Career mapping helps IT employees and employers alike

Specially designed development plans help tech workers navigate the choppy waters of IT employment.

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Setting Expectations

At Kimberly-Clark, which has 56,000 employees, every department has a process in place to help people advance their careers, but ITS decided three years ago to further enhance the system for its 900 workers.

Using a new tool called Skills Framework for the Information Age (SFIAplus), ITS created a platform that allows IT employees to build detailed individual development plans, explains Gene Bernier, director of the Program Management Office, an 80-employee team within ITS.

The platform "gives individuals a different perspective, one they wouldn't have had otherwise. It opens up lines of communication, and it [gives people] more control over their career development," says Bernier, who spearheaded the career mapping effort in the IT department.

Like Kimberly-Clark, Mueller Water Products previously plotted courses for professional growth for employees but has recently adopted a more disciplined and detailed approach to mapping possible opportunities -- and expectations -- for employees, says senior vice president, CTO and CIO Robert Keefe, a past chairman of the Society for Information Management.

"If there's a geographic move required, if there's a move out of IT that's expected, career mapping sets [those] expectations with the individual. We lay out what the possibilities are," Keefe says.

The Atlanta-based water infrastructure company launched its version of career mapping several years ago with UAchieve, a program supported by senior leadership and executed by the HR department. Like many organizations, Keefe says, Mueller Water Products separates this process from annual reviews and merit-pay increases to help keep the focus on long-term visions and not on year-to-year objectives.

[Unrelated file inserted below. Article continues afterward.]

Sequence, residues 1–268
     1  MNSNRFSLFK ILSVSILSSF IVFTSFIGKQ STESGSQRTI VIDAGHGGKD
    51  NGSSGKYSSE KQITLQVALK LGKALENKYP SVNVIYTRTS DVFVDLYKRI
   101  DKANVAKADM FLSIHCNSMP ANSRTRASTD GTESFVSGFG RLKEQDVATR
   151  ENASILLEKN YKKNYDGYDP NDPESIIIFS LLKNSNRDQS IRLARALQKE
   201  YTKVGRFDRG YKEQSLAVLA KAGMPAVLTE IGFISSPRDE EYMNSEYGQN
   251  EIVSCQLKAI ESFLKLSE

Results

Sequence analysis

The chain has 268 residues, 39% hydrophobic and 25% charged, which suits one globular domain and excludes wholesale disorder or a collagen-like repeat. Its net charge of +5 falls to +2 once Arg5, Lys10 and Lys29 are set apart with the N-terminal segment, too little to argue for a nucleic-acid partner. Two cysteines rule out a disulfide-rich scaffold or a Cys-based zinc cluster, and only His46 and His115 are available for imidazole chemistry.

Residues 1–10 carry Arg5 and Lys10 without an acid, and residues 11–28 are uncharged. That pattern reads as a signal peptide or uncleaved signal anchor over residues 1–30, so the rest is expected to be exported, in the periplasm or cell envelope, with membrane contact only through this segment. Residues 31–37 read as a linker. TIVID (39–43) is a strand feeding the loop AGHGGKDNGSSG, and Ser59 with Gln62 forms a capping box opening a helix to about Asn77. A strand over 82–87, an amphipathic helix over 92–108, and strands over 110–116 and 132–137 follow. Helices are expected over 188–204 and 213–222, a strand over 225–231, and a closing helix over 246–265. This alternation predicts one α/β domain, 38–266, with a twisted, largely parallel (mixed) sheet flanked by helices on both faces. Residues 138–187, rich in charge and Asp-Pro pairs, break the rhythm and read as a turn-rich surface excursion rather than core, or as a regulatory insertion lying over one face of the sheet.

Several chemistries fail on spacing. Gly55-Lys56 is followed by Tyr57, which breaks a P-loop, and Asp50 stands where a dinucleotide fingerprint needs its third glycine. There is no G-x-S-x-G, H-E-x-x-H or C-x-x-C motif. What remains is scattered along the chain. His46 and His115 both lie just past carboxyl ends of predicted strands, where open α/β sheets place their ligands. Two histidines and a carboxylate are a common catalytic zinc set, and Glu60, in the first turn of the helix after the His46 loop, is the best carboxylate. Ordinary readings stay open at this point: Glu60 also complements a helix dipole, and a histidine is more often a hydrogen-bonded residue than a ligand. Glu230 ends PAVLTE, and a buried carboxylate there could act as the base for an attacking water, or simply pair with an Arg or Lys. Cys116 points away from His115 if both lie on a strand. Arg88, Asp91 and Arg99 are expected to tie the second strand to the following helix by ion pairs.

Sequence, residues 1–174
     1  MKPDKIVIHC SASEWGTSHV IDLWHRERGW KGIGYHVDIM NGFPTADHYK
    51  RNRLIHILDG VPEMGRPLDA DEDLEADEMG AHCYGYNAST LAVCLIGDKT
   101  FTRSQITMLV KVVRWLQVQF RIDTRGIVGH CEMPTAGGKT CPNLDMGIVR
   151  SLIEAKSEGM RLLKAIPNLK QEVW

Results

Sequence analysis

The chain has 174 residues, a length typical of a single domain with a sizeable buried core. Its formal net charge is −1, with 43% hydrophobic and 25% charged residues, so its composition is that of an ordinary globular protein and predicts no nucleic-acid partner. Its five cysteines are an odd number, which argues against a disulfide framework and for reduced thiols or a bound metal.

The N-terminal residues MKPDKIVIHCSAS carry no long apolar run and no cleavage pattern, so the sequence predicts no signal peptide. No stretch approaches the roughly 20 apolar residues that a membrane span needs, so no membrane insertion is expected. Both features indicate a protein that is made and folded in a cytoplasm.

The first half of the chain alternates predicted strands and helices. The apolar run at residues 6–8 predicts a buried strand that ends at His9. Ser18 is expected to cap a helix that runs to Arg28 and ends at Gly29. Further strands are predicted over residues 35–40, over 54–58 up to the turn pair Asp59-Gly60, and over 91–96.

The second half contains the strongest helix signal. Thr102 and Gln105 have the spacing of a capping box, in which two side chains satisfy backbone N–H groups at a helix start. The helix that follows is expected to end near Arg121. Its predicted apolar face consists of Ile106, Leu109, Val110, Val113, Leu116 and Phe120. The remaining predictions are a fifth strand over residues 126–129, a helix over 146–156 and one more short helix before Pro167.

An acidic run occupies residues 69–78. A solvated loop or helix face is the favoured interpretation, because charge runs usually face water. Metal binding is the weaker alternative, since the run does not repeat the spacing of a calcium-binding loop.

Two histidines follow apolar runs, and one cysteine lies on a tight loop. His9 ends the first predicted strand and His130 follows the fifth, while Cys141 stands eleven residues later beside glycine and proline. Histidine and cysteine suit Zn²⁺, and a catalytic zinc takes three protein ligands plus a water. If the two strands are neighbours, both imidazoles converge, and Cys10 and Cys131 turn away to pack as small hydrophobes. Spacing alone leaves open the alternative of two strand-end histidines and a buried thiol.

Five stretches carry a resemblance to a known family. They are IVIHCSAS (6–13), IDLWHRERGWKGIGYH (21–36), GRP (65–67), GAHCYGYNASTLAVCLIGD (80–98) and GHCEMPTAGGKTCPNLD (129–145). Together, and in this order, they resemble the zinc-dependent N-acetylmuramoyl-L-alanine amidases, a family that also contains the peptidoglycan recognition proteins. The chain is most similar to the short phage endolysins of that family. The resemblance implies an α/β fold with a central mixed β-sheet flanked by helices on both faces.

The program -- which all IT workers are expected to participate in -- collects information about individual employees and their current positions and skills. Keefe explains that some of the information may have been on employees' resumes, but it didn't get incorporated into a system where it would be accessible and transparent. For example, some staffers could speak foreign languages but not many people knew that they had those skills before UAchieve was deployed.

As part of the process, Keefe says, employees are asked to consider certain scenarios, such as whether they're willing to move to another city or take a position in another business division to gain skills required for future positions.

Based on the collected information, Keefe says the company works with individuals at all levels, including management, to determine what opportunities are available for them down the road and what they can do to be ready for them.

Benefits to the company include improved succession planning and a vibrant workplace of challenged, engaged employees, Keefe says.

But there can be downsides to career mapping for employers, he warns. At Mueller Water, a midlevel IT manager realized after he'd completed the mapping process that the company didn't have the position he aspired to. So the 10-year veteran, whom Keefe says he saw as a future IT leader, took a job at another company where he could gain the skills he needed to do what he wanted, which was to run a manufacturing facility.

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